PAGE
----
10. A random signal generator circuit according to claim 9, wherein the folded channel is S-shaped and has a size that is at a resolution limit based upon manufacturing technology.
11. A random signal generator circuit according to claim 9, wherein the folded channel is zigzag-shaped and has a size that is at a resolution limit based upon manufacturing technology.
12. A random signal generator circuit according to claim 9, wherein each random signal generator further comprises a reference transistor connected to said folded MOS transistor, said reference transistor receiving a gate voltage and a bias current equal to a gate voltage and a bias current applied to said folded MOS transistor for causing the drain-source current therefrom to randomly vary.
13. A random signal generator circuit according to claim 9, wherein each random signal generator further comprises a comparison circuit for comparing the randomly varying drain-source current to a detection current.
14. A random signal generator circuit according to claim 13, wherein each comparison circuit determines a difference between the randomly varying drain-source current and the detection current; and wherein each random signal generator further comprises an amplifier for amplifying the difference.
15. A random signal generator circuit according to claim 9, wherein each circuit comprises a sampling circuit for sampling the digital signal for providing a random digital words and wherein said logic circuit generates the digital number based upon the random digital word.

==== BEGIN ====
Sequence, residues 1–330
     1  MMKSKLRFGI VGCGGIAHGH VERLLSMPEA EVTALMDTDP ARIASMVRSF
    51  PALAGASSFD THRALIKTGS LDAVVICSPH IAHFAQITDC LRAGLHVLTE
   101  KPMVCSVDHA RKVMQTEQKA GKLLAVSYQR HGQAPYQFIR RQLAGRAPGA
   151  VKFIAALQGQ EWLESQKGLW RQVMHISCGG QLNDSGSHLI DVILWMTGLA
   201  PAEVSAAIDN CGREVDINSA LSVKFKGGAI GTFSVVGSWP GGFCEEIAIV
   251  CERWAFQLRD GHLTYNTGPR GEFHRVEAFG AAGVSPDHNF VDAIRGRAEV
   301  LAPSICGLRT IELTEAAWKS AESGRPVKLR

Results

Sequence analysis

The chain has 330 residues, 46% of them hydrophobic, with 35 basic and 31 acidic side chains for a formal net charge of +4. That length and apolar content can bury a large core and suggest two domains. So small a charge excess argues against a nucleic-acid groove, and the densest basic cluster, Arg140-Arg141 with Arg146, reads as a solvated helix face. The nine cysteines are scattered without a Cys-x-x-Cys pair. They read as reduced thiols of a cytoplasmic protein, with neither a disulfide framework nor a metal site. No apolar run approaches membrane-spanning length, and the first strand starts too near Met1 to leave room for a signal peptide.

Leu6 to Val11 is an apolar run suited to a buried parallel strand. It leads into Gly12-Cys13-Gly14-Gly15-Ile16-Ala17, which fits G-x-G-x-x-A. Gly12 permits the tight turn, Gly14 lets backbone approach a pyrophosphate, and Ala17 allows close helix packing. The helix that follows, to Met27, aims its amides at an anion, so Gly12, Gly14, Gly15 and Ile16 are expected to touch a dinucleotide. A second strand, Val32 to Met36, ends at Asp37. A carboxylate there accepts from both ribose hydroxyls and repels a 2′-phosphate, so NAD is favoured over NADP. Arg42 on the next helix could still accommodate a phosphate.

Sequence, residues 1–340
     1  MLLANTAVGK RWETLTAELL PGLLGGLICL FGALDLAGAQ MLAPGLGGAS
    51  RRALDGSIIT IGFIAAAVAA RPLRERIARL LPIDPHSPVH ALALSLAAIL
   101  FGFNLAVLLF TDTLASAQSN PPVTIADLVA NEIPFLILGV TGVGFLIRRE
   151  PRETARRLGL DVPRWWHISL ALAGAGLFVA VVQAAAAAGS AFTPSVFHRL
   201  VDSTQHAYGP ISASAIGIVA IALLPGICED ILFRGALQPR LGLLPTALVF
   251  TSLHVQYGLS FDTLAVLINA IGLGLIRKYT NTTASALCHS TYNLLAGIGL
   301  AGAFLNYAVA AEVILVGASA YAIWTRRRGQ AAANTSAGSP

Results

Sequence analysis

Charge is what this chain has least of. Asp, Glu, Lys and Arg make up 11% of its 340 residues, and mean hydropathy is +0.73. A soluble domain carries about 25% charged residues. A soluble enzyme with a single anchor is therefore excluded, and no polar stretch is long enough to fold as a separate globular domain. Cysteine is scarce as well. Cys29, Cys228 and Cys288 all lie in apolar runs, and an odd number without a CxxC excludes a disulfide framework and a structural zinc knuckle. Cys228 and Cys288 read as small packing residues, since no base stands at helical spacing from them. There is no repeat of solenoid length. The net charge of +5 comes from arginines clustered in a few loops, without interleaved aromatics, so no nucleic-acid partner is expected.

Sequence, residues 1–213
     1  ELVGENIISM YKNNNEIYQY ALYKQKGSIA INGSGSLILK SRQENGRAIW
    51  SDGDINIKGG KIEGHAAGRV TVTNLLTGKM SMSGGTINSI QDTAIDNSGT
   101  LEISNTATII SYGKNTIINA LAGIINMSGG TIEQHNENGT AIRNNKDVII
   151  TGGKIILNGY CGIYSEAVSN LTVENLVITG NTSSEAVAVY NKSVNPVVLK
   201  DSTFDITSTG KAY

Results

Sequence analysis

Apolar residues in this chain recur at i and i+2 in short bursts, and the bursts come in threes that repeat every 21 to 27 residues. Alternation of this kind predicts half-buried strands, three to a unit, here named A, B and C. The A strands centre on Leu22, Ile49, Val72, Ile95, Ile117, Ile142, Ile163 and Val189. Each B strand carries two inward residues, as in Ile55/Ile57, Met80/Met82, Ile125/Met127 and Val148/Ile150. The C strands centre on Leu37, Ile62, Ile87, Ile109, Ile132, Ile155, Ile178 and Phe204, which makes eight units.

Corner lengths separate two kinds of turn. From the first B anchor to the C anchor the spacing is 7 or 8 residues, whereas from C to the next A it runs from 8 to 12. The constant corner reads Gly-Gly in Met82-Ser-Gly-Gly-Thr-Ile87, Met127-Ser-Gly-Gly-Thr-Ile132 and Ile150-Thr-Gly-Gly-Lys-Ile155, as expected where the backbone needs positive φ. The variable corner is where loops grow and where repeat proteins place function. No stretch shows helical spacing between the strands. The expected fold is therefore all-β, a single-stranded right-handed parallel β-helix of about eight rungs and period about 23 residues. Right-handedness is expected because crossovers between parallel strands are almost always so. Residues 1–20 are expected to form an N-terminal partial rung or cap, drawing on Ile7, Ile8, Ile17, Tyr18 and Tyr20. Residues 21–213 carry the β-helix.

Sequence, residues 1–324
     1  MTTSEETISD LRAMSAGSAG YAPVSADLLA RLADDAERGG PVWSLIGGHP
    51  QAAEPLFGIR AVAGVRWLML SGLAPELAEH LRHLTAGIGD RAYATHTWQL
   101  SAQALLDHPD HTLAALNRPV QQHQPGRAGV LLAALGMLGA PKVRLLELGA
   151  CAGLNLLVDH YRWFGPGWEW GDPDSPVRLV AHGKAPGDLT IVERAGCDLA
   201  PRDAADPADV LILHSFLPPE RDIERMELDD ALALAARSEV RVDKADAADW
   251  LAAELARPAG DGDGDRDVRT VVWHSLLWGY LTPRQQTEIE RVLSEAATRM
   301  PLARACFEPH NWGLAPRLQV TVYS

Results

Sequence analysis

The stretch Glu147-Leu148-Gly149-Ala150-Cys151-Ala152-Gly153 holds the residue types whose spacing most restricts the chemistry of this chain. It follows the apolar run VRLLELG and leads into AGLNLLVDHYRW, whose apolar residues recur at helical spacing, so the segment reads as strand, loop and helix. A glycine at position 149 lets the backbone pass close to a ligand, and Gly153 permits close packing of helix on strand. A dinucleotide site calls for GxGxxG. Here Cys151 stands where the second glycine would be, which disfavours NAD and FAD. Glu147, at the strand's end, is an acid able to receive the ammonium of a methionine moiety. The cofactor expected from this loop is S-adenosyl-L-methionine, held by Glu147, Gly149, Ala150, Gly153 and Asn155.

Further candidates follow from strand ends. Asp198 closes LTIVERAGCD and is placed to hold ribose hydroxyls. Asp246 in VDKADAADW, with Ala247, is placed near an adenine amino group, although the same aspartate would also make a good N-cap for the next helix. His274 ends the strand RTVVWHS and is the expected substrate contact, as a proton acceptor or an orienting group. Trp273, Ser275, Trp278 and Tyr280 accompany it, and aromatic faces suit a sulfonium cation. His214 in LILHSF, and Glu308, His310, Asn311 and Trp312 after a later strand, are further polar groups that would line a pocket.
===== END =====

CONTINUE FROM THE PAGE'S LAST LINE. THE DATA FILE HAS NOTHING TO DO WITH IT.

16. A random signal generator circuit according to claim 9, wherein each random signal generator further comprises an integrating circuit for maintaining a gate voltage on said folded MOS transistor within a desired range.
17. A method for generating a random number from an electronic noise source, the method comprising:
providing a folded MOS transistor having a drain-source current with a random component,
the folded MOS transistor comprising a drain and a source with a folded channel defined therebetween;
generating a random digital signal based upon the random component.
18. A method according to claim 17, wherein the folded channel is S-shaped and has a size that is at a resolution limit based upon manufacturing technology.
19. A method according to claim 17, wherein the folded channel is zigzag-shaped and has a size that is at a resolution limit based upon manufacturing technology.
20. A method according to claim 17, further comprising:
providing a reference transistor connected to the folded MOS transistor; and
providing a gate voltage and a bias current to the reference transistor, the gate voltage and the bias current being equal to a gate voltage and a bias current applied to the folded MOS transistor for causing the drain-source current therefrom to randomly vary.
21. A method according to claim 17, further comprising comparing the randomly varying drain-source current to a detection current.
22. A method according to claim 21, wherein the comparing comprises determining a difference between the randomly varying drain-source current and the detection current and further comprising amplifying the difference.
23. A method according to claim 17, wherein the sampling comprises providing a random digital signal based upon the sampled random binary signal, and further comprising generating the random number based upon the random digital signal.